|M. Cristina Kenney, M.D., Ph.D
Donald Brown, Ph.DTo find a cure for keratoconus (KC), we need first to understand how keratoconus corneas are different from normal corneas. Then we need to discover a way to prevent and/or reverse the effects of that process. The approach to understanding the differences between KC and normal corneas calls for knowledge of what is happening at the molecular cell level.Research into these biochemical processes is painstaking and methodical. This research is creating the foundation for the greater levels of understanding that are required to develop a cure and/or treatment for keratoconus. What follows is a summary of past research, an account of current research, and a working hypothesis upon which future research can build.The focus of this article is research in the biochemistry and molecular biology of keratoconus. To discover the cause and/or the changes that occur in this condition, scientists examine keratoconus and normal corneal tissue at the cellular level, searching for the differences between the two. Since KC does not occur in animals, human corneal tissue is needed for this research. The supply of this tissue is dependent on surgeons who send keratoconus tissue at the time of transplant surgery and eye banks which provide normal corneal tissue that is not suitable for transplant. The extent of research is limited by the supply of corneal tissue.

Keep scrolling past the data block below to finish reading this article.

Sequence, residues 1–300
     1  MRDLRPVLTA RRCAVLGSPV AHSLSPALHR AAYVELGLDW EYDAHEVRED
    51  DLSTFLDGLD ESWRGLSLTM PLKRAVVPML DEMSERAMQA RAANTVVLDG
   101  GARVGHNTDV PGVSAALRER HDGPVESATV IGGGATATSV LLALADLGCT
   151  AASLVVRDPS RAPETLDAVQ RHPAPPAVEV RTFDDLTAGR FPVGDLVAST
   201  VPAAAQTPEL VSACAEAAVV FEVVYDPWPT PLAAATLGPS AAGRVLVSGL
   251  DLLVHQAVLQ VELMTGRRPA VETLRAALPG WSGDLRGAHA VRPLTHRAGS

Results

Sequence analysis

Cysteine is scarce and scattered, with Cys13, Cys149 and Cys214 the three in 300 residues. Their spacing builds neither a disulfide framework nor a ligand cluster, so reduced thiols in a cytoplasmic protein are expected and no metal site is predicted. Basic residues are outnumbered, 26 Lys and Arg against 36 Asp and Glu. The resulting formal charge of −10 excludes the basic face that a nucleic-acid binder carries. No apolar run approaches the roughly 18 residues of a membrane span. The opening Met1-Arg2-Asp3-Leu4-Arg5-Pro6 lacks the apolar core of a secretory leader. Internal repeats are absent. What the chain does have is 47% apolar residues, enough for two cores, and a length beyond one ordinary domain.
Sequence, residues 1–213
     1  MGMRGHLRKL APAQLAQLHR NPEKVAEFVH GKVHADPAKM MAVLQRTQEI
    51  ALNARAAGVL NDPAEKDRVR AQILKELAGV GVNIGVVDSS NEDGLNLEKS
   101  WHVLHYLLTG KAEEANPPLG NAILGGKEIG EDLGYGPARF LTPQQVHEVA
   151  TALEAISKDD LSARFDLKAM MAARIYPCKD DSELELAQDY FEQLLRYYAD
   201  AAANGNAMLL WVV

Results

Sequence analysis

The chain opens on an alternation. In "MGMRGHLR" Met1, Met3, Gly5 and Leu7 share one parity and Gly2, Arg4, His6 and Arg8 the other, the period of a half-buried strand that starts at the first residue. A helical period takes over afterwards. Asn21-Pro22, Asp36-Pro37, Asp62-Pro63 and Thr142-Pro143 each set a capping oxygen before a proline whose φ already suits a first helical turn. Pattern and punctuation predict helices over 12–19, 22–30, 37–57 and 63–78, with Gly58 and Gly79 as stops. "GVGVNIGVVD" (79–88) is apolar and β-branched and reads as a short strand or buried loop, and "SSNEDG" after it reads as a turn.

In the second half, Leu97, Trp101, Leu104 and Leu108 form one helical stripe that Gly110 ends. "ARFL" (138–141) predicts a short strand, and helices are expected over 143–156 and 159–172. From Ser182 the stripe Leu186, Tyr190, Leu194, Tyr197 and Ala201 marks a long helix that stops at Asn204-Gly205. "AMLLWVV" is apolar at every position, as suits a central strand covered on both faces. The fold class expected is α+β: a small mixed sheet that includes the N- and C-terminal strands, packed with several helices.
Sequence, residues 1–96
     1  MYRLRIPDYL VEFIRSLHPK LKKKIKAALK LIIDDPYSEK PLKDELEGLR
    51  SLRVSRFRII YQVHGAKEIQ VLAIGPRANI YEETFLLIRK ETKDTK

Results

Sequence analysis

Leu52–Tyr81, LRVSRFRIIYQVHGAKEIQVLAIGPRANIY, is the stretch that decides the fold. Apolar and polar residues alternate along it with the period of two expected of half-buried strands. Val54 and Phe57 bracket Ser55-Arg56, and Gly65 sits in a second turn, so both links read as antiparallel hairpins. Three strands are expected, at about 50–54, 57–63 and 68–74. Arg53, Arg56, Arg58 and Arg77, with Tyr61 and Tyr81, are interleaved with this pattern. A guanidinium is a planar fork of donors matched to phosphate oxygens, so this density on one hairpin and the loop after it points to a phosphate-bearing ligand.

Dr. Kenney is Professor and Director of Ophthalmology Research, Ophthalmology School of Medicine at the University of California-Irvine in Irvine, CA.
|There have been milestone discoveries that have furthered the research efforts in KC. We know that keratoconus is a noninflammatory, thinning condition of the cornea. In 1963, scientists found that the initial changes of KC were related to degradation (break down) of the cornea¹s basement membrane.|
|Even with all the historical research, it was difficult to understand how the ALDH story and the increased activity of degradative enzymes were related to each other. Work in our laboratory (Cedars-Sinai Medical Center, Los Angeles) examined another pathway by which the cornea can process the free radicals: a series of interactions with nitric oxide.|
|Our working hypothesis is that in keratoconus there are various factors (such as UVB, atopy/allergy, and mechanical eye rubbing) that can cause either oxidative damage or disruption of the cellular structure or function.|
Research on keratoconus includes learning how keratoconus corneas differ from normal corneas. View the overview of KC research here.
Written by: M. Cristina Kenney / Donald Brown